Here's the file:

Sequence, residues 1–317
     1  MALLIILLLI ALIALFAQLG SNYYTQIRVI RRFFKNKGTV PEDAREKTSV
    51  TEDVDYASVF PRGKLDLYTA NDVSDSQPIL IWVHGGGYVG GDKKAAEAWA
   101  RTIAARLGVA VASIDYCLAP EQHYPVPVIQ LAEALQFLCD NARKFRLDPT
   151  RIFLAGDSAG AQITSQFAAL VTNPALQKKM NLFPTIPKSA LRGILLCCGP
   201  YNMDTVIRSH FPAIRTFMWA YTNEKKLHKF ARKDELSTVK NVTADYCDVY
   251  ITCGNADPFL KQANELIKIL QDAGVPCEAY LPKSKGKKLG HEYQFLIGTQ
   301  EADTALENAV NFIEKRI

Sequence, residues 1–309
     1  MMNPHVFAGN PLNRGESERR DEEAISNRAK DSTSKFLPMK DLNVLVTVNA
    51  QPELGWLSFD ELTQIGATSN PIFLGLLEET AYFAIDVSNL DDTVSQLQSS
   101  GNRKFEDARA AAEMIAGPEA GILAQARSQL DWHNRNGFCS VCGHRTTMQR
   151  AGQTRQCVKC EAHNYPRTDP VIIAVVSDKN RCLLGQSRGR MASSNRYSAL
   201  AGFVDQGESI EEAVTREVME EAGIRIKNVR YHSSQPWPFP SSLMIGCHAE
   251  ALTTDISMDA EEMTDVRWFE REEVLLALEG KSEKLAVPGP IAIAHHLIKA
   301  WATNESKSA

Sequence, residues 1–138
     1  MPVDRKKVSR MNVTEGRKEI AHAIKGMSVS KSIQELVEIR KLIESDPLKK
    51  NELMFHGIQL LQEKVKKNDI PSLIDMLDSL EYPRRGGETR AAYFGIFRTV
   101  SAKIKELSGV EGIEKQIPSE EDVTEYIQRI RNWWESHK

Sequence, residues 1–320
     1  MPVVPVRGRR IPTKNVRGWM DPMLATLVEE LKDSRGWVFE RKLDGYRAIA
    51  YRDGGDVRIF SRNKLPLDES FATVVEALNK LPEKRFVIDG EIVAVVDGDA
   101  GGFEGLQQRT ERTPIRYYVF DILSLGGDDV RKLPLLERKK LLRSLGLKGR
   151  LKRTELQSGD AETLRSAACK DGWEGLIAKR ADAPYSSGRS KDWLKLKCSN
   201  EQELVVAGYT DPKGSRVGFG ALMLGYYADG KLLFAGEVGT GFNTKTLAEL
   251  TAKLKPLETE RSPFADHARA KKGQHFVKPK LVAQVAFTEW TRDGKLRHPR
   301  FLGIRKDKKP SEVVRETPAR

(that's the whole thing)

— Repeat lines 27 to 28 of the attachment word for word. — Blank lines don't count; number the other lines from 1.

   251  TAKLKPLETE RSPFADHARA KKGQHFVKPK LVAQVAFTEW TRDGKLRHPR
   301  FLGIRKDKKP SEVVRETPAR